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How to Make a Better Garden Using Trashes

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How to Make a Better Garden Using Trashes – Many people think that to have a beautiful garden you will need to start from the main layout. After that, you will need to buy a lot of new things to make it better. If you are planning on doing that kind of remodeling for your garden, you will need a lot of money. However, what about those who do not have a lot of money? That will be a problem. If you are thinking about the best ways to get a beautiful garden, you might want to think about using some of those trashes that you have in your house. Yes, these ideas from the recycled things will be a good idea to try.

For the start, you can try to make the flowerpot from the used tire. This is something quite common because you can easily find a lot of used tires sold at the flea market. As an addition, the price of the used tire is very cheap. You can use some used tire from your bike if you want to make a bigger flowerpot. There are a lot of ideas that you can find on the internet. The second idea is to make a bathing for birds. Some of you might have seen some bathing for the birds on the backyard. This is a good idea to try because you only need a used round plate with a nice water capacity. After that, make a stand using strong wooden stick. The last but not least, put that used plate on the top of the stick and the birds will start bathing there.

The next idea to try is the hanging bottle. This is a great idea to try if you have some tall fence on the backyard. That is because you only need some bottles make a large hole on that bottle and it is ready to go. Yes, you need to put some soils there and the bottles are ready to be your pot for your small plants. For your information, coloring those bottles before you hang them can be a good idea to try. If you want, you can find a lot of similar ideas on the internet. You need to learn some things from the internet to be your personal reference. Always take advantage of existing land as we have to take advantage of opportunities that exist when playing gambling on https://multibet88.online to reap more profits. This way, you will be able to have the nice looking garden even though you are using the trashes you have in your house.

Compost Food For The Soil
Nature Tips

Compost Food For The Soil

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Compost is the best food you can give to the soil in your organic garden! Imagine a diet of just plain water. Or, how about a diet of water and tasteless nutritional powder? Yuck! It would not leave you satisfied, healthy, or full. A diet like that doesn’t work for soil, either. The only thing that truly feeds and satisfies the soil is more soil –  in the form of compost.

Compost is recreating what nature does when people aren’t around to harvest and clean up…

When leaves fall in the forest or grasses die back in the prairie, they act as mulch; then, as they decompose, they become rich, dark, fluffy soil. Rich, dark, fluffy soil is every gardener’s dream. It is easy to plant in and plants thrive in it.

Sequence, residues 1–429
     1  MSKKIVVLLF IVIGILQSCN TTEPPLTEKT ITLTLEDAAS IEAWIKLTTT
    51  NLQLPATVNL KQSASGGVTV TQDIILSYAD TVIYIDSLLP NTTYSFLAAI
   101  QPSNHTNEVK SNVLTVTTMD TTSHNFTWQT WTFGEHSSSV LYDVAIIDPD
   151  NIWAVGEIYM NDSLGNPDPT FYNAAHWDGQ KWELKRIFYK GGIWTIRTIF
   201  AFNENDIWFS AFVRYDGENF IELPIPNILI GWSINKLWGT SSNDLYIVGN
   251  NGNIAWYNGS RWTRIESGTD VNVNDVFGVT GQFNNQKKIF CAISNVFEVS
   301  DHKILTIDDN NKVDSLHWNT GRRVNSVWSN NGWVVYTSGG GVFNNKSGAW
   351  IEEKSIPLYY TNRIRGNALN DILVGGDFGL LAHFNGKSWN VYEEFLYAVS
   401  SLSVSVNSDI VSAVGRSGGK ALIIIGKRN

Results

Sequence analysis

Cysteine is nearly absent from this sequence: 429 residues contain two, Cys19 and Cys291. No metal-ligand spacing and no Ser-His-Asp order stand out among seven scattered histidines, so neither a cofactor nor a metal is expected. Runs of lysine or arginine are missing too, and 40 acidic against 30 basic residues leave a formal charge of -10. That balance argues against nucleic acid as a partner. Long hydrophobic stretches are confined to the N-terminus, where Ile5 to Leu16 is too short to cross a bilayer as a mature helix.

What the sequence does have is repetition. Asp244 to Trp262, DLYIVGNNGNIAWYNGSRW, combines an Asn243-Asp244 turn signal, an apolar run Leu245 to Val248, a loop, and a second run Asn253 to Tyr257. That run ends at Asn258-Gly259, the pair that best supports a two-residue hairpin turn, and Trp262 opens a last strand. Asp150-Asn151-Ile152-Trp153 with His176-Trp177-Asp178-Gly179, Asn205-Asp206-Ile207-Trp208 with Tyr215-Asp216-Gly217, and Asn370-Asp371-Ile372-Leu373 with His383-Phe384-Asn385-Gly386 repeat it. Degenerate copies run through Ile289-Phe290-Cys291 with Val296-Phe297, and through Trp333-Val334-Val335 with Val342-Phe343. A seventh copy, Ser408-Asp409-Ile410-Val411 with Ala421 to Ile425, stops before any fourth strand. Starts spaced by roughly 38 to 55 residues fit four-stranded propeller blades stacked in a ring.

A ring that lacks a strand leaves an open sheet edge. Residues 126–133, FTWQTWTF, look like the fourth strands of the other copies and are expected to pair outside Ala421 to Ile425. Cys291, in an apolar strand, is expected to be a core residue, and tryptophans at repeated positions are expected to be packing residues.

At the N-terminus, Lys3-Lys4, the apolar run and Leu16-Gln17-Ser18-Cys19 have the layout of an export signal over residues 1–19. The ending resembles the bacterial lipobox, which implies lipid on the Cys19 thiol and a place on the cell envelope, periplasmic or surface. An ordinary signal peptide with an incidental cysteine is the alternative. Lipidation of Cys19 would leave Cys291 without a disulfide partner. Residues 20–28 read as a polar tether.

Compost is Worth Making

Making compost is probably the single most important thing you can do for your organic garden. The success of your garden depends on your soil. The health of your soil depends on the compost you give it. Compost makes the soil loose, porous and increases the amount of water it can hold. By adding compost to your soil, you won’t need to water your plants as often. You could vacation for a week or so without worrying that you’ll come back to a baked garden. Compost also releases nutrients slowly into the soil, giving plants a steady, balanced diet to keep them growing strong. In spring, when plants are small, compost doles out nutrients slowly. Later, as the soil warms up and plant growth accelerates, nutrients are released at a faster rate. This is because the soil microorganisms that release the nutrients from compost work harder as the temperature rises. As compost breaks down into humus, it improves the soil’s ability to store nutrients. So if you amend your soil regularly with compost, plant nutrients can build up over time to the point that the soil needs little fertilizer of any kind for several years. Depending on what ingredients went into the compost, a given batch can be high or low in certain elements. The greater the variety of materials you use to make your compost, the greater the variety of nutrients it will contain.

That includes both the major plant nutrients (nitrogen, phosphorus, and potassium) and the micronutrients (such as iron, manganese, and boron).

There’s even evidence that adding compost to your soil can protect plans from disease. Here are some examples of what it can do for your garden.
  • Florida studies have shown that compost can protect pepper plants from phytophthora root rot; dramatically reduce damping-off (a disease that cause seedlings to keel over and die) and reduce early blight and root-knot nematode damage.
  • California researches used compost to eliminate brown rot on peaches (a fungal disease that causes fruit to turn brown and soft). Fruit from the compost – treated orchard had no brown rot. 24 percent of the fruit from a neighboring orchard (treated with chemical fungicides) did have it.